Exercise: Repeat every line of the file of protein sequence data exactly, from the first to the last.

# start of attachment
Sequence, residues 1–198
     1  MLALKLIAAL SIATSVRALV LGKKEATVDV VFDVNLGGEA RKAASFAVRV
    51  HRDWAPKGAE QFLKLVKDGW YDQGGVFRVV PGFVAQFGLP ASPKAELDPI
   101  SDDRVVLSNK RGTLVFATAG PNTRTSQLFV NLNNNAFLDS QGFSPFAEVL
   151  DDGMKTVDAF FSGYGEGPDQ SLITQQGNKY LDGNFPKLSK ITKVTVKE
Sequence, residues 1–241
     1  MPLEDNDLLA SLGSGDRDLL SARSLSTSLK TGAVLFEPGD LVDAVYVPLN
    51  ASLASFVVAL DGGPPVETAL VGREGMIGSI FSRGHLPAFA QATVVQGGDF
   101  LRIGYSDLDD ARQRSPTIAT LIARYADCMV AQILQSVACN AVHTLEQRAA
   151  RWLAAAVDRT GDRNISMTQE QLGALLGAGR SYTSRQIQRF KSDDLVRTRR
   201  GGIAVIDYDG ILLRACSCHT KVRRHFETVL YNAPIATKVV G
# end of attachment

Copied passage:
Sequence, residues 1–198
     1  MLALKLIAAL SIATSVRALV LGKKEATVDV VFDVNLGGEA RKAASFAVRV
    51  HRDWAPKGAE QFLKLVKDGW YDQGGVFRVV PGFVAQFGLP ASPKAELDPI
   101  SDDRVVLSNK RGTLVFATAG PNTRTSQLFV NLNNNAFLDS QGFSPFAEVL
   151  DDGMKTVDAF FSGYGEGPDQ SLITQQGNKY LDGNFPKLSK ITKVTVKE
Sequence, residues 1–241
     1  MPLEDNDLLA SLGSGDRDLL SARSLSTSLK TGAVLFEPGD LVDAVYVPLN
    51  ASLASFVVAL DGGPPVETAL VGREGMIGSI FSRGHLPAFA QATVVQGGDF
   101  LRIGYSDLDD ARQRSPTIAT LIARYADCMV AQILQSVACN AVHTLEQRAA
   151  RWLAAAVDRT GDRNISMTQE QLGALLGAGR SYTSRQIQRF KSDDLVRTRR
   201  GGIAVIDYDG ILLRACSCHT KVRRHFETVL YNAPIATKVV G